There is growing speculation in right-wing quarters that Prime Minister Benjamin Netanyahu may be planning to split the Likud Party and form a new Knesset faction prior to next year's election, just as former Prime Minister Ariel Sharon did in 2005, resulting in the creation of Kadima.
Netanyahu recently forged a "super-coalition" with Kadima that thus far has served to bring about great tension in the government as ideologues from both parties clash over the issue of Jewish settlement in the biblical heartland of Judea and Samaria.
Central to the debate is the small neighborhood of Ulpana in the long-established Samarian community of Beit El. Israel's Supreme Court has ruled that five of the houses in Ulpana were built on a piece of land that still legally belongs to a local Palestinian Arab, and therefore must be demolished, even though the Palestinian man has no hope of utilizing the land that sits within the municipal boundaries of Beit El.
Since the new land claim only came five years after Ulpana was built, and since the land in question has long been part of Beit El (the local municipality actually purchased it, but apparently from the wrong Palestinian man), right-wing lawmakers are pushing a new bill that would legalize the construction there and in other settlements.
Netanyahu's new Kadima allies, including party leader Shaul Mofaz, are vehemently opposed to the bill. Netanyahu himself has tried to kill the bill, and insists that he will comply with the Supreme Court ruling.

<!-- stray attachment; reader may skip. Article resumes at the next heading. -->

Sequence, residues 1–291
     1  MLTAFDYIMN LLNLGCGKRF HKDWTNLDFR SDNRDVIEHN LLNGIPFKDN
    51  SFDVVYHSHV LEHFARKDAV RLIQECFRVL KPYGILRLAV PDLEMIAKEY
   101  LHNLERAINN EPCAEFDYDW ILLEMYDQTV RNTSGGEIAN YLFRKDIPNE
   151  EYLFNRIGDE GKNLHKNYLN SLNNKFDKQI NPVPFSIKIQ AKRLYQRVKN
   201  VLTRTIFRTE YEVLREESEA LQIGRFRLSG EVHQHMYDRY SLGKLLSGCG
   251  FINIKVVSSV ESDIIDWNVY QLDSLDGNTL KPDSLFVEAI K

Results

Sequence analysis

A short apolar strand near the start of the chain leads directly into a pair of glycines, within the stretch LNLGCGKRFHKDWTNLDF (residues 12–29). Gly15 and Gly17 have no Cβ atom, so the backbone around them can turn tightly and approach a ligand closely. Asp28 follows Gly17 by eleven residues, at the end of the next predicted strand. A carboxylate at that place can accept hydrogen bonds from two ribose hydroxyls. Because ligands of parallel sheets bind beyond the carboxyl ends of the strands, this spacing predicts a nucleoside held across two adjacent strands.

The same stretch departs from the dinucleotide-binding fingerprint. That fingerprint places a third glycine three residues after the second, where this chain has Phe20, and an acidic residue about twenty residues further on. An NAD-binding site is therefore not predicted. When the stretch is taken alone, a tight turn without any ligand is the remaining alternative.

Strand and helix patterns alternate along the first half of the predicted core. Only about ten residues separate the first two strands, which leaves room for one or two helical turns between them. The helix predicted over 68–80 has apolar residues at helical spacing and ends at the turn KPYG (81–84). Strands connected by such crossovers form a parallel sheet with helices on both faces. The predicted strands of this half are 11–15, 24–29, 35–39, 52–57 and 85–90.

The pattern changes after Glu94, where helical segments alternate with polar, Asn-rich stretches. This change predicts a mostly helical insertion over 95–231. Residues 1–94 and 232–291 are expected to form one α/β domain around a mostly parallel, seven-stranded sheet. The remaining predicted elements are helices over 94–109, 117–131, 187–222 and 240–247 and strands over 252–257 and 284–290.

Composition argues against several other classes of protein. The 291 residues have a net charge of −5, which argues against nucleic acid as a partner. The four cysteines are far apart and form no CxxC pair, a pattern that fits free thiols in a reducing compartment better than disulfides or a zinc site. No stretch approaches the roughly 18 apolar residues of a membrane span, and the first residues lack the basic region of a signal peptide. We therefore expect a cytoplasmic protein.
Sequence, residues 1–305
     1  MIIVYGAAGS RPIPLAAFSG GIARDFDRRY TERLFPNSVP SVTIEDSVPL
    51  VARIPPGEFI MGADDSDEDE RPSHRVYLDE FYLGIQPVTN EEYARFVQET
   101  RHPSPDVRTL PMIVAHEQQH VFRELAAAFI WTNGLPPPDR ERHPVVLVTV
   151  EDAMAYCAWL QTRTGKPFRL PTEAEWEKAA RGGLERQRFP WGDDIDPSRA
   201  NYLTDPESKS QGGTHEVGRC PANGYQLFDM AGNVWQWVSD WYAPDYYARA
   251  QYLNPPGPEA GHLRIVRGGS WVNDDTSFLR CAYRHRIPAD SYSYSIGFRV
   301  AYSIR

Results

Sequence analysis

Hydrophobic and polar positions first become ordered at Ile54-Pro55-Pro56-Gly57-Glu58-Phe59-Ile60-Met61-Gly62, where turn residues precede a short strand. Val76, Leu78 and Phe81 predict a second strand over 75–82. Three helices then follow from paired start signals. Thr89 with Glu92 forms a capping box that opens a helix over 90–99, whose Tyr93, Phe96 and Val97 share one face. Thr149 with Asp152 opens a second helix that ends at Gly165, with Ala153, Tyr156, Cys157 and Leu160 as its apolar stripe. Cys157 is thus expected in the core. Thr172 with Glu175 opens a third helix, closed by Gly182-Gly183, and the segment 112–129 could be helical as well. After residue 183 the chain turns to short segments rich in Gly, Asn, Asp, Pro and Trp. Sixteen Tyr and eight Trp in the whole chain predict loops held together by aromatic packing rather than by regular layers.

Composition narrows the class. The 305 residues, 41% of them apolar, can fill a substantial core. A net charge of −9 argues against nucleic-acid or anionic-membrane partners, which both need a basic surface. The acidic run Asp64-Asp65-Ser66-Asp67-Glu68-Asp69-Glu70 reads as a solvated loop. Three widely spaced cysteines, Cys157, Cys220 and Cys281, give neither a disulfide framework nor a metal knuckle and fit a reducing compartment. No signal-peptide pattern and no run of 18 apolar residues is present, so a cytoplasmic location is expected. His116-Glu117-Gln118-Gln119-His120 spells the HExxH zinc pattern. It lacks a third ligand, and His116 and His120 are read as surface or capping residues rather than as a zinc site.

It was a similar political decision that led to the Likud's first split. The party simply was unable to remain united after Sharon planned and executed the forced evacuation of Gaza's 8,000 Jewish residents. While Ulpana is much smaller, Likud officials say it will mark only the beginning of a larger removal of Jews from Judea and Samaria, and therefore must be combatted even more vigorously than the Gaza Disengagement.
If the right-wing members of his coalition and his own party do stand firm on the Ulpana issue, a growing number of politicians and pundits are speculating that Netanyahu will leave the Likud and form a new faction with Mofaz and Defense Minister Ehud Barak, who last year quit the left-wing Labor Party.
"The possibility [that Netanyahu will leave the Likud] is quite possible, but it has a price," Likud MK Tzipi Hotovely told the right-wing radio station Arutz Sheva. "The question is whether Netanyahu is thinking only about the next Knesset or whether he wants long-term leadership."
Though Kadima is today the largest faction in the Knesset, polls show it will shrink significantly in the next election, and the same will happen with any new party Netanyahu forms, warned Hotovely.
Also speaking to Arutz Sheva, Likud leadership challenger Moshe Feiglin backed up Hotovely's assessment saying, "There has been talk in the Likud of the possibility of such a split. This is a general feeling that transcends sectors and camps within the Likud."
Were Netanyahu to leave the Likud (and we stress that this is all just speculation at the moment), the party would undoubtedly move further to the right, a phenomenon that would greatly benefit Feiglin in his quest for the chairmanship, but would also likely hurt the Likud in future elections.
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